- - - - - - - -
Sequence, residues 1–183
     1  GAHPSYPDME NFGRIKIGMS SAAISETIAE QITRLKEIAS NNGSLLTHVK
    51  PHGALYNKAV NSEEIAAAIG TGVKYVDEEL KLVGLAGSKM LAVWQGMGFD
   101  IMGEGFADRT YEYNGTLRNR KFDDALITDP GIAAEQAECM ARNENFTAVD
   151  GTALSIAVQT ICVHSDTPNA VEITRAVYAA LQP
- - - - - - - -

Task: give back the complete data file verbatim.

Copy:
Sequence, residues 1–183
     1  GAHPSYPDME NFGRIKIGMS SAAISETIAE QITRLKEIAS NNGSLLTHVK
    51  PHGALYNKAV NSEEIAAAIG TGVKYVDEEL KLVGLAGSKM LAVWQGMGFD
   101  IMGEGFADRT YEYNGTLRNR KFDDALITDP GIAAEQAECM ARNENFTAVD
   151  GTALSIAVQT ICVHSDTPNA VEITRAVYAA LQP